Effect of a nurse-coordinated prevention programme on cardiovascular risk after an acute coronary syndrome: main results of the RESPONSE randomised trial

Jorstad, Harald T.; Birgelen, Clemens von; Alings, A. Marco W.; Liem, Anho; van Dantzig, Jan Melle; Jaarsma, Wybren; Lok, Dirk J. A.; Kragten, Hans J. A.; de Vries, Keesjan; de Milliano, Paul A. R.; Withagen, Adrie J. A. M.; Scholte op Reimer, Wilma J. M.; Tijssen, Jan G. P.; Peters, Ron J. G.
October 2013
Heart;Oct2013, Vol. 99 Issue 19, p1421
Academic Journal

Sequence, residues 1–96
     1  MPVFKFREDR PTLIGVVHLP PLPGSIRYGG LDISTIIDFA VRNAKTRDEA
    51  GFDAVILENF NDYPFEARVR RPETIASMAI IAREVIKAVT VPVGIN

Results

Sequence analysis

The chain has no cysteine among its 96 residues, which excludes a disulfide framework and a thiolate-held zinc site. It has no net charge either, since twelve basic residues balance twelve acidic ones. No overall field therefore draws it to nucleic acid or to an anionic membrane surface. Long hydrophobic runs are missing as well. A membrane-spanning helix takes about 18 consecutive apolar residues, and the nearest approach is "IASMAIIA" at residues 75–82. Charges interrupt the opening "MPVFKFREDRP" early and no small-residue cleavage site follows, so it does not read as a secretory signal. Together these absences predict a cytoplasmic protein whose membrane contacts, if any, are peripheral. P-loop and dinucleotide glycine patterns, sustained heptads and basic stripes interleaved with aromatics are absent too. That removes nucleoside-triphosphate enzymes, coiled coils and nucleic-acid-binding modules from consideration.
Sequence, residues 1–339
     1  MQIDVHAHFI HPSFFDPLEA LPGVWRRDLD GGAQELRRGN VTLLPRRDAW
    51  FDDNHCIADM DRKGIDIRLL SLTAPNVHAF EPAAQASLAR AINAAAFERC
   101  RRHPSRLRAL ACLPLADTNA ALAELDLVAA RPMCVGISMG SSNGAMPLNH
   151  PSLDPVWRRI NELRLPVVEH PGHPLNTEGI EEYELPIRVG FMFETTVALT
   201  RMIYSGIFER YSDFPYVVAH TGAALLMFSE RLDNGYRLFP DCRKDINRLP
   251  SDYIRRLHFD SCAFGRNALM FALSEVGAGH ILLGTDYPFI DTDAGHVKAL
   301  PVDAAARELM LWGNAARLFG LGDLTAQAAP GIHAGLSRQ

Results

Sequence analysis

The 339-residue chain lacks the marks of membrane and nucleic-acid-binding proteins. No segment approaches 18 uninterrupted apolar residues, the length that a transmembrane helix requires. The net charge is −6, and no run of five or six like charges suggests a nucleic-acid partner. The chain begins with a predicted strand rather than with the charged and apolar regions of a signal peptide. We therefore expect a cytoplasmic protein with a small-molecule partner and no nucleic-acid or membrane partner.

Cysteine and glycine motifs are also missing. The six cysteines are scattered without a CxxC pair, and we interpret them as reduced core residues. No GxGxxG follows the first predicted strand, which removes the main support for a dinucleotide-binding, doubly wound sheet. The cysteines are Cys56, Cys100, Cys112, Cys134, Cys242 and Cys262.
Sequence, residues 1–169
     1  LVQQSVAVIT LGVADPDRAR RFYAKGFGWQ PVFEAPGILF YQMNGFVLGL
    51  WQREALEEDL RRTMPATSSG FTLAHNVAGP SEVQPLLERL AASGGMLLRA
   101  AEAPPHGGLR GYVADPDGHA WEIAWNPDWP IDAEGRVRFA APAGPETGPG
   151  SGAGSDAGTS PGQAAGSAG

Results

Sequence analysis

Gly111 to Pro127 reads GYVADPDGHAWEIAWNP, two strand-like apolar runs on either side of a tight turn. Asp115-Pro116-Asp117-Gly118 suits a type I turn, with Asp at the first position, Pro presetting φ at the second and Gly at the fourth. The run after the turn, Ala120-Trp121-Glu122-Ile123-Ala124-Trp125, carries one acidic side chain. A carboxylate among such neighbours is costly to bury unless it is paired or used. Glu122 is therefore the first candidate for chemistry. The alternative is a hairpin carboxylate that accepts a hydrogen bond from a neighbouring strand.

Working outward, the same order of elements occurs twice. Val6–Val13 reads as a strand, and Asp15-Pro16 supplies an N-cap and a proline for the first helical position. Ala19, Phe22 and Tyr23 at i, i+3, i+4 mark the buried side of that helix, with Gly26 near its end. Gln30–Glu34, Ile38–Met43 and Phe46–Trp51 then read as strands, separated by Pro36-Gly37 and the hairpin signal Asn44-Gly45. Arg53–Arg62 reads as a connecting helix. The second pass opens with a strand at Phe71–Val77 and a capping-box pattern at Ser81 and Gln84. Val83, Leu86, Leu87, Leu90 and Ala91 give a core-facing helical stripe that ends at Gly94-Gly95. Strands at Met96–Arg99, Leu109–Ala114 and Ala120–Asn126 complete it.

Objective To quantify the impact of a practical, hospital-based nurse-coordinated prevention programme on cardiovascular risk, integrated into the routine clinical care of patients discharged after an acute coronary syndrome, as compared with usual care only. Design RESPONSE (Randomised Evaluation of Secondary Prevention by Outpatient Nurse Specialists) was a randomised clinical trial. Setting Multicentre trial in secondary and tertiary healthcare settings. Participants 754 patients admitted for acute coronary syndrome. Intervention A nurse-coordinated prevention programme, consisting of four outpatient nurse clinic visits, focusing on healthy lifestyles, biometric risk factors and medication adherence, in addition to usual care. Main outcome measures The main outcome was 10-year cardiovascular mortality risk as estimated by Systematic Coronary Risk Evaluation at 12 months followup. Secondary outcomes included Framingham Coronary Risk Score at 12 months, in addition to changes in individual risk factors. Risk factor control was classified as 'poor' if 0 to 3 factors were on target, 'fair' if 4 to 6 factors were on target, and 'good' if 7 to 9 were on target. Results The mean Systematic Coronary Risk Evaluation at 12 months was 4.4 per cent (SD 4.5) in the intervention group and 5.4 per cent (SD 6.2) in the control group (p=0.021), representing a 17.4% relative risk reduction. At 12 months, risk factor control classified as 'good' was achieved in 35% of patients in the intervention group compared with 25% in the control group (p=0.003). Attendance to the nurse-coordinated prevention programme was 92%. In the intervention group, 86 rehospitalisations were observed against 132 in the control group (relative risk reduction 34.8%, p=0.023). Conclusions The nurse-coordinated hospital-based prevention programme in addition to usual care is a practical, yet effective method for reduction of cardiovascular risk in patients with coronary disease. Our data suggest that the counselling component of the programme may lead to a reduction in hospital readmissions.


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